Silvergate Capital (SI 16.75%) and Signature Bank (SBNY 1.03%) are the two main federally insured banks serving the crypto industry.
Both have developed real-time payments networks that crypto exchanges and crypto institutional traders can use to exchange U.S. dollars in real time, essentially serving as a fiat on-ramp for the crypto industry.
But with Silvergate and Signature having served the large crypto exchange FTX before it filed for bankruptcy, there has been lots of chatter over whether these two banks could face regulatory consent orders or fines. Will FTX turn into a major regulatory headache for either of these banks? Let’s take a look.
What the regulatory issues could be
As many now know, one thing FTX is being accused of is using customer funds to prop up its sister firm Alameda Research after the hedge fund made a series of bad investments. So a big question has been whether Silvergate or Signature should have flagged any transactions or reported suspicious activity regarding FTX. And for all we know, the banks might have very well filed suspicious activity reports (SARs) or flagged irregular activity. Banks by law are not permitted to disclose whether they did this.
However, if either of these banks saw some irregular transfers or activity and did not report it correctly, they could be in violation of bank anti-money laundering (AML), Bank Secrecy Act (BSA), or know your customer (KYC) rules. This is currently a central argument being made by many short sellers of Silvergate and Signature.
Interestingly, though, the management teams of both Silvergate and Signature were asked by analysts on their fourth-quarter earnings calls about possible regulatory problems due to FTX, and the banks had varying answers.
Depends on whom you ask
Signature Bank has said very little about its crypto activities in the past. But on its recent earnings call, Chief Executive Officer Joseph DePaula said:
With the FTX, it wasn’t a matter of BSA/AML. Everyone thought that he [Sam Bankman-Fried] was legitimate and he ended up being very [Bernie] Madoff-like. So, I don’t think anyone could say that they knew that and we catch it.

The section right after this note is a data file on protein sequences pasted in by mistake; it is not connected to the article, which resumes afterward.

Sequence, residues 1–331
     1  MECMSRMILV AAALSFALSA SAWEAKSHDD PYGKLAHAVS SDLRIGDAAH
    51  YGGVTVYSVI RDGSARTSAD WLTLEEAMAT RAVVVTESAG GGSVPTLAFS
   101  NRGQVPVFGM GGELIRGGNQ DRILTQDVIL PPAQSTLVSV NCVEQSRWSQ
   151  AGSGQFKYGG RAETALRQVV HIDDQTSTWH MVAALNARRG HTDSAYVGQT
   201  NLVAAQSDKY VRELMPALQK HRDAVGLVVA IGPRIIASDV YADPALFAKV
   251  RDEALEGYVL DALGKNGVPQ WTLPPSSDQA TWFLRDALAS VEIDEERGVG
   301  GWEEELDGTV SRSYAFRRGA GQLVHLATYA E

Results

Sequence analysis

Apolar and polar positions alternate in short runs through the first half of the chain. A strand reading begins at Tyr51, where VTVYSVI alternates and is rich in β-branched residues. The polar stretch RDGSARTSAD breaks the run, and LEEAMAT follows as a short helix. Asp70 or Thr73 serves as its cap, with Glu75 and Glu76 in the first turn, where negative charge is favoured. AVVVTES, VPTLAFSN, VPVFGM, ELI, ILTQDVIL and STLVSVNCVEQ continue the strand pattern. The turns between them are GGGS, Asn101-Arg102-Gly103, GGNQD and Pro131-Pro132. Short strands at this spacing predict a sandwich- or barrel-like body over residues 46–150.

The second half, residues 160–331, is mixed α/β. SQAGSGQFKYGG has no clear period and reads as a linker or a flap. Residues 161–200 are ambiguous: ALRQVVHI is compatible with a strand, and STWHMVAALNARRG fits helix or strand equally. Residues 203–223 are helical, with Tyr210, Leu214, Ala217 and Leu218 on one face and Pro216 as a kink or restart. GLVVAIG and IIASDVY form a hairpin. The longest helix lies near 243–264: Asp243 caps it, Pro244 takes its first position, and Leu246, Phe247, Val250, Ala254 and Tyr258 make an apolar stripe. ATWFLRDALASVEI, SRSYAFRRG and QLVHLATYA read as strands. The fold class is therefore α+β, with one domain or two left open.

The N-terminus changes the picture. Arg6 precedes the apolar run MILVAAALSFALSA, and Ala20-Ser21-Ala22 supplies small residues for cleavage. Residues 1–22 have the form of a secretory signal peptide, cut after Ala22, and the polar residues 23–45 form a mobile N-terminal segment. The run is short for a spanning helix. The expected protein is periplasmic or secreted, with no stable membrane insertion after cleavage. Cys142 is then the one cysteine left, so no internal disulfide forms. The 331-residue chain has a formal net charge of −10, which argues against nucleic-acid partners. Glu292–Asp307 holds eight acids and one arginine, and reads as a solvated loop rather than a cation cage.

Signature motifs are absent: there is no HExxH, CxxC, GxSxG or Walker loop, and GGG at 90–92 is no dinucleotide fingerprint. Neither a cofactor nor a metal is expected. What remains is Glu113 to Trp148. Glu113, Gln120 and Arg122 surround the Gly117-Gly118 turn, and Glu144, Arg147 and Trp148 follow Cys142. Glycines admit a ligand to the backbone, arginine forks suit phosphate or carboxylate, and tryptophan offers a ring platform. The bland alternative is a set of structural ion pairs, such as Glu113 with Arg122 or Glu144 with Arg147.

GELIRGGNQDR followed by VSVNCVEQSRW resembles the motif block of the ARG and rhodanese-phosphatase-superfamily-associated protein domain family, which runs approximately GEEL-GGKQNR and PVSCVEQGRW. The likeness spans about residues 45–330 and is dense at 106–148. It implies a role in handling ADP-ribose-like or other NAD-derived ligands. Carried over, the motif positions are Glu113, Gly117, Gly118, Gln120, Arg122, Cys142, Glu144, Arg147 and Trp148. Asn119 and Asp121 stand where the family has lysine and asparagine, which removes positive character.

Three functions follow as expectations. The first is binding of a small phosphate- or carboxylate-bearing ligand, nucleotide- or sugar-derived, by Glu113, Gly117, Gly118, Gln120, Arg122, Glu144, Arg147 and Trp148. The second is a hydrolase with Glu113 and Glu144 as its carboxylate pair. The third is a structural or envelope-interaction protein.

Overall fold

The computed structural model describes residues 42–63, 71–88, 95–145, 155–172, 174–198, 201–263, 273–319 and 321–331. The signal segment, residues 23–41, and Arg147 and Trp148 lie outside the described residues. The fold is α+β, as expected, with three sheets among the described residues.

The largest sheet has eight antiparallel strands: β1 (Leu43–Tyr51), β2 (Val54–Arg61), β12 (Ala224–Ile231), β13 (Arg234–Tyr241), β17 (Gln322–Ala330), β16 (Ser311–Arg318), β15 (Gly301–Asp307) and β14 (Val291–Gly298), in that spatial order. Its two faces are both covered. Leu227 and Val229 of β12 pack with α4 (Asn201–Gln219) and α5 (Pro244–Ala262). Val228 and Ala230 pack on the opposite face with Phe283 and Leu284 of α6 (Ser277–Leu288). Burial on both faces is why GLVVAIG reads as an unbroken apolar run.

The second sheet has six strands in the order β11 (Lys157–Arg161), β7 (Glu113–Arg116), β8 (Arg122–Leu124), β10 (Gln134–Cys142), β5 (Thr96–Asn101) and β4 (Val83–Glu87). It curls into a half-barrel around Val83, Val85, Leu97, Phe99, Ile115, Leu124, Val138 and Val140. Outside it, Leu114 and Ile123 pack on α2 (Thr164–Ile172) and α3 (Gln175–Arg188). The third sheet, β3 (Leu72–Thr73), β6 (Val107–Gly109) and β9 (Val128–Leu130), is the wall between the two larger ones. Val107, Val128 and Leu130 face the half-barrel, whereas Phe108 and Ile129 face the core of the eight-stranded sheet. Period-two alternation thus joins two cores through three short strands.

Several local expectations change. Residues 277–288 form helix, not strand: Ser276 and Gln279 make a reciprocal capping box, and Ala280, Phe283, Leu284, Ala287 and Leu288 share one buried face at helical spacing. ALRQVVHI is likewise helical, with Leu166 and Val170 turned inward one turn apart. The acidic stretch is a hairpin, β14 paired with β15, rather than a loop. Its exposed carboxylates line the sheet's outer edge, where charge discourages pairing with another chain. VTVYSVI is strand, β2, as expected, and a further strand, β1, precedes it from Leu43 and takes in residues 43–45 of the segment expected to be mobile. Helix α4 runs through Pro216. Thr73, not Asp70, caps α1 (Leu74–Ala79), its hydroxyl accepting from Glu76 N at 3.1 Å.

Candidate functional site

Later on in the earnings call, Signature Bank Chief Operating Officer Eric Howell took it a step further, adding:
You know, we had announced that we’re integrating FTX, but we were not integrated yet with FTX. So we didn’t have client-related transactions of FTX happening on our platform. Yeah, so, that’s certainly good.
This is definitely important, because if FTX made no transactions on Signature’s Signet platform, the bank has a much better chance of avoiding regulatory difficulties. A few months ago, Signature reported having only 0.1% of its total deposits from FTX specifically.
On Silvergate’s earnings call, there was a much smaller discussion on the matter, as management simply didn’t comment when asked about regulatory issues.
Silvergate is a much smaller bank than Signature and operates pretty much only in the crypto banking market, whereas Signature has many other lines of business and gets deposits from a range of other sources.
Silvergate had also been doing business with FTX for much longer and also had Alameda Research as a client. Nearly 10% of the bank’s digital-asset-related deposits at Silvergate were tied to FTX, and the bank actually featured a quote from Bankman-Fried on its website before the scandal.
Is either bank in trouble?
Based on the information available, I think it’s more likely that Silvergate will face trouble from regulators than Signature, but it’s possible neither will.
As a highly regulated bank, Silvergate has three regulators and must have AML, BSA, and KYC protocols and programs in place. I find it hard to believe that regulators weren’t watching Silvergate closely. Also consider that the bank was growing extremely fast during the pandemic and that it was heavily involved in crypto.
Regulators also approved Silvergate’s acquisition of the Diem stablecoin technology from Meta Platforms in early 2022, and banks usually have to be in good standing with regulators to make acquisitions.
Silvergate could certainly face some kind of regulatory action here, but only time will tell if there is a consent order or a hefty fine. Ultimately, I believe Silvergate is at greater risk than Signature.
Randi Zuckerberg, a former director of market development and spokeswoman for Facebook and sister to Meta Platforms CEO Mark Zuckerberg, is a member of The Motley Fool’s board of directors. Bram Berkowitz has positions in Silvergate Capital. The Motley Fool has positions in and recommends Meta Platforms. The Motley Fool recommends Silvergate Capital. The Motley Fool has a disclosure policy.